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Topic: Green Jersey Dress with Gathered Neckline  (Read 5714 times)
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bookwyrmhole
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« on: July 07, 2010 07:36:15 PM »


preview pic of finished dress

So, despite the fact that I have a large collection of sheets for the express purpose of sewing, I had no idea what to make. Finally decided to chop up a really soft dark green jersey sheet my parents had used. It had some holes and odd faded spots that made cutting a large pattern piece difficult.


Beautiful sheet, right?

I frankensteined a pattern (NewLook 6705, if anyone is interested; it is a good pattern) I had to make the yokes narrower and lengthen the pattern. Hooray for large pieces of paper! And then I cut. I hate cutting cotton, and since I had never worked with jersey before, I was more frustrated than I imagined I would be. After cutting the pieces, I ran to Iowa for 6 days. This is how I made a 1 day project into a 2 week one.



I had decided to do French seams. I know that jersey doesn't fray, but I have a slight obsession with eliminating all raw edges. Hence, I doubled my sewing. I like it anyway. I won't bore you with the pinning, sewing, pinning again, and sewing again. The actual sewing is my favorite part.

Bound off the lower part of the armholes. Not to bad.

Attached the front of the dress to the front yoke. Mmm...gathers. The original pattern called for pleats.



I went on, actually following the pattern instructions, to apply the inside yoke facing. Attaching and topstiching at the neckline wasn't too bad. I like topstitiching, which is why I used black thread. (That, and the fact that I have no green thread.)



And now we enter my least favorite part of the project. When I used this pattern once before, I made a version with sleeves. Well, it turns out that when there are not sleeves, the pattern requires a large amount of tedious turning-under of edges. It is not fun to turn two different raw edges in towards each other. I will say I am proud of the result though since, as per my irrational expectations, there are no raw edges anywhere.



If you've stayed with me this long, you deserve another mediocre final-product picture. And so do I!



And, on a side note. I started another project with more of the sheet. Being a queen, there is a LOT left. I thought this would be an easy way to satisfy my Celtic knot craving, but it isn't as easy as I thought. It's nearly done now, applied to interfacing. I was planning on using it for the back yoke of some sort of flyaway jacket once I cut the interfacing away, but now I can't really decide what to do with it. It wasn't easy, and I want to make sure the finished product looks good. Any suggestions?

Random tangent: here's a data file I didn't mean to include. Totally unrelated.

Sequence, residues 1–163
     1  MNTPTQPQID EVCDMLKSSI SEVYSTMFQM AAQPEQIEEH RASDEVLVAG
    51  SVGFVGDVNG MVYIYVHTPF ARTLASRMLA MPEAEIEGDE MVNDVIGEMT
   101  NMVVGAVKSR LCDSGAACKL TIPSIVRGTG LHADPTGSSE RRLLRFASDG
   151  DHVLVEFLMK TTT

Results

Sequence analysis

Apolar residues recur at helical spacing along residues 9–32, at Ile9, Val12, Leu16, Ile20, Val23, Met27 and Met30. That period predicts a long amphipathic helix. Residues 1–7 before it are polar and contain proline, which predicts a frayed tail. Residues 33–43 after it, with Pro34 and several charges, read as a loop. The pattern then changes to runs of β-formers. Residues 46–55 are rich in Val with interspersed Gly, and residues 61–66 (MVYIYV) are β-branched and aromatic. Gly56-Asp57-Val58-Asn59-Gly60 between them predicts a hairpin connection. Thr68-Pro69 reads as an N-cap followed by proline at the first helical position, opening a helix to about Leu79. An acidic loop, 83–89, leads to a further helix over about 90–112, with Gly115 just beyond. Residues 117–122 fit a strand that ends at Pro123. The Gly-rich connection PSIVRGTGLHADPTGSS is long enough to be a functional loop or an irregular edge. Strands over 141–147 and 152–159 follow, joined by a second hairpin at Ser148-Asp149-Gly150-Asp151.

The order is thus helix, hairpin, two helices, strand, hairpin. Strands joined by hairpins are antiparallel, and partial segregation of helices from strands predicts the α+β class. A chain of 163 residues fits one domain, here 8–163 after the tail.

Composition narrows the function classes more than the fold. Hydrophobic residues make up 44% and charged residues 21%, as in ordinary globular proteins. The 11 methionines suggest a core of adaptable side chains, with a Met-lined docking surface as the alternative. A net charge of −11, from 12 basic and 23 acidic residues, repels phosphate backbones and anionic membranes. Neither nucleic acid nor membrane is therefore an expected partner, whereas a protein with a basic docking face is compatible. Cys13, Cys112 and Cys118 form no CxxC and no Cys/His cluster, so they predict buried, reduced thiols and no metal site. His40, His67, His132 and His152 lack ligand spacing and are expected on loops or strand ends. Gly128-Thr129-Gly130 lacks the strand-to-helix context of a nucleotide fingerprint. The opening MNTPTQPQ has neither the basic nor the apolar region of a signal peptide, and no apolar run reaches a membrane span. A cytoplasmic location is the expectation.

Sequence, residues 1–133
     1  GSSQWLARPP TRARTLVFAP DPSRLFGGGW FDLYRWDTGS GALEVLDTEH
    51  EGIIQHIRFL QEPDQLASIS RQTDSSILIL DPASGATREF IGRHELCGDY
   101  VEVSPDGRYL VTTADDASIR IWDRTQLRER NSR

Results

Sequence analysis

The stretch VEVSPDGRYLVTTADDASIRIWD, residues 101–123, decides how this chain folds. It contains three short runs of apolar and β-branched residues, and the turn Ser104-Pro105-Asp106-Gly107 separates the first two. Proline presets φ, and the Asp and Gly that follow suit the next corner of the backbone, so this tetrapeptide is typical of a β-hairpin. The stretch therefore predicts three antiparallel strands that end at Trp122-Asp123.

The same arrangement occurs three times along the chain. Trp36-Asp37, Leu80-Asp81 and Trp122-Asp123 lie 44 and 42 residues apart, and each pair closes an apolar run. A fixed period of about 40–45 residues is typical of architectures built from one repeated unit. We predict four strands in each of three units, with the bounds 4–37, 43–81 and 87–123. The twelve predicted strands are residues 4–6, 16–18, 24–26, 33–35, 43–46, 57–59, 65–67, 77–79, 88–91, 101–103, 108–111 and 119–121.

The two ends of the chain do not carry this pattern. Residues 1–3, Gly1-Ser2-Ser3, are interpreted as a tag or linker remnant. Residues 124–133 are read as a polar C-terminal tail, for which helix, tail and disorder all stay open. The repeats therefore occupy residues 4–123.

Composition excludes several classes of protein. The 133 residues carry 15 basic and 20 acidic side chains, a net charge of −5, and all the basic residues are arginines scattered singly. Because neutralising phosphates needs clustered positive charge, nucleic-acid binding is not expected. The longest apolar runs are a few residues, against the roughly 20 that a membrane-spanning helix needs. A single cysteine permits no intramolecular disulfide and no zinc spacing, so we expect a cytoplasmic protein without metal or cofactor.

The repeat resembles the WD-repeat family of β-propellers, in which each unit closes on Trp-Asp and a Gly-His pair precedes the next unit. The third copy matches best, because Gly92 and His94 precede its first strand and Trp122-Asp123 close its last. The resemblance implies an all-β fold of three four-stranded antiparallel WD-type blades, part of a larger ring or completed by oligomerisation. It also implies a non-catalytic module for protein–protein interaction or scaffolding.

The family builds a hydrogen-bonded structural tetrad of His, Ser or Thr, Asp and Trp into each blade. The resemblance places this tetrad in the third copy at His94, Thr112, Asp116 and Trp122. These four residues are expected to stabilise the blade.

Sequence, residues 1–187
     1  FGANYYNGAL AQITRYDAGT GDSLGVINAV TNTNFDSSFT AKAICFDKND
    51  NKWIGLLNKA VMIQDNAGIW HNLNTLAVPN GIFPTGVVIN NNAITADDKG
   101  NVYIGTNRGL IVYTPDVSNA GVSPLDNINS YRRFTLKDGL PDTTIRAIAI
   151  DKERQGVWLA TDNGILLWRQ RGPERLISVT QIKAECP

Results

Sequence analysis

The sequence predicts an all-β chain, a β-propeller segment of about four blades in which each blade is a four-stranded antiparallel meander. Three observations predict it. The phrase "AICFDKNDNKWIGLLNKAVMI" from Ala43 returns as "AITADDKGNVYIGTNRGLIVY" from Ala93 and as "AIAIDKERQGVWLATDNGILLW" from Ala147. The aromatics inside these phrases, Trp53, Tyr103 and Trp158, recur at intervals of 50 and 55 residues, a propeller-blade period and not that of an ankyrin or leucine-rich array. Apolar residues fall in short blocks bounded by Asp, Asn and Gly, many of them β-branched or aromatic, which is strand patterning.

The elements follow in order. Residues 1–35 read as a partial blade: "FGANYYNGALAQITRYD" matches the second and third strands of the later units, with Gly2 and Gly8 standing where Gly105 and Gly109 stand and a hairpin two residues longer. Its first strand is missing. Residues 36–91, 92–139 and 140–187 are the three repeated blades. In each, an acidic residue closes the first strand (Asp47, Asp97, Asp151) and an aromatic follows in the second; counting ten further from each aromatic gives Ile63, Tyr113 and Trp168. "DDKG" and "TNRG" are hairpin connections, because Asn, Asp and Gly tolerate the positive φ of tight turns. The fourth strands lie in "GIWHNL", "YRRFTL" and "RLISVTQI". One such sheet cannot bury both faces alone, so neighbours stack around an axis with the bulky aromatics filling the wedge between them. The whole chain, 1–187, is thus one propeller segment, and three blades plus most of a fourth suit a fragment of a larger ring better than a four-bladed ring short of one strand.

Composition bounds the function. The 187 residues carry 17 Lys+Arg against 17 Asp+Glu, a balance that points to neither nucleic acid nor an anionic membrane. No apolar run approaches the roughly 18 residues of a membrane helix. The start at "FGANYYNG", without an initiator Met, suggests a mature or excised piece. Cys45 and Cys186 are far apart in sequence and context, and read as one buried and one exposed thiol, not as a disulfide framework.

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dawn0684
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« Reply #1 on: July 07, 2010 08:11:45 PM »

Thats an awesome use to an old sheet. I would of never guessed that's what the dress was made of if you didn't mention it.
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dropoffradar
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« Reply #2 on: July 08, 2010 07:18:07 AM »

i love the neckline.
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« Reply #3 on: July 08, 2010 03:27:34 PM »

That's awesome!  I've actually thought of using those super cheap jersey knit sheet sets for clothes because I hate the jersey knit that's available at fabric stores.  It seems awfully thick and stiff (I'm talking about fabric here, keep your mind out of the gutter!). 
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bookwyrmhole
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« Reply #4 on: July 09, 2010 02:36:35 PM »

That's awesome! I've actually thought of using those super cheap jersey knit sheet sets for clothes because I hate the jersey knit that's available at fabric stores.  It seems awfully thick and stiff (I'm talking about fabric here, keep your mind out of the gutter!). 

So funny! I have never bought jersey from a store, but everything I've looked at is really thick. Even though the dress is such a dark color it is really cool because it is so lightweight!
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doveylou
« Reply #5 on: July 11, 2010 08:17:46 PM »

What a nice dress.  And I think your compulsion to hide all raw edges is a good thing.  Nothing says "handmade" like a bunch of unfinished edges.  But I agree it can suck up a big chunk of your life.  I just spent far too much time making a gift bag for a 3 year old's birthday party (actually a tote bag from Thomas the Tank Engine fabric).  I did french seams and bound the top edge because I can't stand to see frayed edges on the inside of a bag.  As if the kid will notice or care!  But I had to do it.  And I think every time you wear that dress, you'll be glad you made the effort to make it perfect.  Nice work!
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TheSavoyTruffle
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« Reply #6 on: July 11, 2010 10:25:35 PM »

I love this dress because it looks so simple and comfortable looking! The neckline is very cute and the style would look good on almost any body type!
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wandrintiger
« Reply #7 on: July 12, 2010 01:07:32 PM »

I love this. I want one, lol.
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XMACCHIATO
« Reply #8 on: August 02, 2010 02:18:32 PM »

simple and elegant
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Miz Spike
« Reply #9 on: August 03, 2010 08:14:49 AM »

For the Celtic knot; make another dress with that as front neckline.

Or stitch it to an existing purse or totote and carry it with your lovely dress!

Miz spike
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